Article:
Luke 22:14-20


When the hour came, Jesus and his apostles reclined at the table.  And he said to them, "I have eagerly desired to eat this Passover with you before I suffer.  For I tell you, I will not eat it again until it finds fulfillment in the kingdom of God."  After taking the cup, he gave thanks and said, "Take this and divide it among you.  For I tell you I will not drink again of the fruit of the vine until the kingdom of God comes."  And he took bread, gave thanks and broke it, and gave it to them, saying, "This is my body given for you; do this in remembrance of me."  In the same way, after the supper he took the cup, saying, "This cup is the new covenant in my blood, which is poured out for you.”


It is quite a normal thing in Christian churches to celebrate the Lord’s Supper / Communion / the Eucharist.  It is often done, however, without the participants having much if any understanding of the ceremony’s biblical background or purpose.  So, let’s look into the Scripture and see what we can learn . . .


Read through the text above.  Did you notice what it was that Jesus “eagerly desired” to share with His disciples?  Most Christians look at the passage above and say, “It was Communion,” or “They were celebrating the Lord’s Supper.”  Those are not wrong answers, and they fit into our own experience as Christians.  It is not a complete answer, however.  In the text Jesus said: “I have eagerly desired to eat this Passover with you.”  Jesus and His disciples were actually sharing the Seder meal, the traditional way for Hebrew families to celebrate the Passover. 


The word “Seder” means “a telling.”  It is during this special meal that fathers have the opportunity to tell their children about God’s miraculous and powerful rescue of His people from bondage and death during the Exodus.  And on the night before his crucifixion Jesus used the meal as a means of “telling” His disciples the redemptive significance of the events that were about to take place.  When we celebrate it as a church it serves the same purpose – to recount the miraculous and powerful way that the Lord Jesus rescued us from our bondage to sin and death.


You will notice that there are three specific events that Luke records in some detail; the first cup, the breaking of bread, and the final cup.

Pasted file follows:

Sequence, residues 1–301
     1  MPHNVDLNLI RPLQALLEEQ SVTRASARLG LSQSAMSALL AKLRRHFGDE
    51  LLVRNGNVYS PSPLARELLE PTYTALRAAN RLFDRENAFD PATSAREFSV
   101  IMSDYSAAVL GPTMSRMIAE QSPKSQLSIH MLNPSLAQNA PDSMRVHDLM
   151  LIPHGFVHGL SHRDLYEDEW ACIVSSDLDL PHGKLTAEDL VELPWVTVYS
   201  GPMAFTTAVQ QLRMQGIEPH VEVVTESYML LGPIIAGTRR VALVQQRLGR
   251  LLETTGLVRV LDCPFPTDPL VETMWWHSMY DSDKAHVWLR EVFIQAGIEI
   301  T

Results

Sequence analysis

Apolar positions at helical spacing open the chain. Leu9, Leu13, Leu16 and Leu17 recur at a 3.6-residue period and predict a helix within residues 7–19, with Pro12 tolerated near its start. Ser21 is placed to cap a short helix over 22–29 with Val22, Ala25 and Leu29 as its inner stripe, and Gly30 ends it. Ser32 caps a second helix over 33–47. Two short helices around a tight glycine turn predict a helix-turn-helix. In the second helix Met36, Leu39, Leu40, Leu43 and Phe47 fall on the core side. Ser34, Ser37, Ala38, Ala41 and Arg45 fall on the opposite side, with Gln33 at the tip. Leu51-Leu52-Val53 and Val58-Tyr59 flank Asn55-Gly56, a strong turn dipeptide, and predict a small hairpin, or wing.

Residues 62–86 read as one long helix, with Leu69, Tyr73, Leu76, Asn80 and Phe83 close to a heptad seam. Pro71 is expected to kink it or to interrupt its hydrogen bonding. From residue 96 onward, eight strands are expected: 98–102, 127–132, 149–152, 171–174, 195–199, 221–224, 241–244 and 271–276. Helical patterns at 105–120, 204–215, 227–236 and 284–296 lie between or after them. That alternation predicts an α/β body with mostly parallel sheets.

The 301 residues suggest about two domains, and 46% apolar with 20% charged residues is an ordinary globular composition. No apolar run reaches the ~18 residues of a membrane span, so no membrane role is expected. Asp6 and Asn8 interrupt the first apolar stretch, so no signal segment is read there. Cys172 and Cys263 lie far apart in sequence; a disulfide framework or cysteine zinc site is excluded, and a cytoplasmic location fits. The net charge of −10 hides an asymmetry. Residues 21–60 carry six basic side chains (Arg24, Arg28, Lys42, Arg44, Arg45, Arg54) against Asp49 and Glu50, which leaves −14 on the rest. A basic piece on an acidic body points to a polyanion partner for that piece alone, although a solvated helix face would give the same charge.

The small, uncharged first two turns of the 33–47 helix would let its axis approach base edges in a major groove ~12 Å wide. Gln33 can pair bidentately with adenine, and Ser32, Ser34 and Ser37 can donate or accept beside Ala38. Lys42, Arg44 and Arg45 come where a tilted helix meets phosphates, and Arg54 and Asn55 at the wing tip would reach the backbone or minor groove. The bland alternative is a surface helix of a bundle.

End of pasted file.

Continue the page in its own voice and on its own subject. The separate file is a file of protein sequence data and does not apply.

THE FIRST CUP - After the lighting of candles, the Seder begins by drinking the first cup, known as “the cup of blessing”.  If He followed the Passover traditions Jesus would have said: “With this cup we set this night apart, as different from all other nights.”  He then would have prayed, “Blessed are you, O Lord, our God, King of the Universe who creates the fruit of the vine.  Blessed are you, O Lord, our God, King of the universe, who has kept us alive, sustained us, and brought us to this season.”  In our celebration of the Lord’s Supper we do not include the first cup.  We do, however, set the elements apart – as Jesus would have set the night apart - through prayer.


THE BREAKING OF BREAD – Included in the Passover is an odd little tradition featuring a cloth bag with three compartments.  A piece of matzo (unleavened bread) is placed into each of them.  At one point in the Seder, the middle piece is taken out, broken, wrapped in a linen cloth, and hidden away.  Later, the children are allowed to search for it and the one who finds it and returns it receives a gift.  The Seder could not end until this special piece of bread was recovered and shared.  Remember that this odd tradition has been followed by the Jewish people every year for thousands of years.  Why?  What were God’s people supposed to learn from it?  In Christ we see the clear explanation.  The three pieces of unleavened bread represent God the Father, God the Son, and God the Holy Spirit.  The Son – represented by the middle matzo - came to earth, gave Himself to be broken for us, was hidden away in the tomb for a time, and was raised from the dead.  In Him is the gift of eternal life.  We don’t have to wonder about it.  Jesus Himself: “. . . took bread, gave thanks and broke it, and gave it to them, saying, "This is my body given for you; do this in remembrance of me."  


THE FINAL CUP – Notice that the text specifically says that it was “after the meal” that this cup was shared.  In the Passover tradition, the cup shared immediately after the meal is called “the cup of redemption.”  Again Jesus used this tradition to “tell” his disciples what was going to happen and why.  “This cup is the new covenant in my blood,” he said.  The shedding of blood – the death of the sacrificial lamb – was necessary to bring about forgiveness and atonement.  And Jesus was telling them that it was His blood that would be shed; He was the sacrificial lamb.  I am sure he looked each one in the eye as He said, “my blood, which is poured out for you.” 


So church, as we gather as a family of Christ-followers to celebrate the Lord’s Supper, we need to set apart the morning, even as Jesus set apart that sacred evening.  And as we receive the bread let us remember that Jesus gave Himself to suffer for our sake.  He died a very real death and was put into a tomb, hidden away from light and life.  But He was victorious over death and the grave, and through Him so shall it be with us!  The cup of redemption was emptied for our sake; the precious blood of the Lamb of God was spilled so that our sin might be forgiven and our relationship with God might be restored.  That is the story we tell when we celebrate the communion.


Praise the Lord, because of His grace,“It is finished!”


Pastor Keith Andrews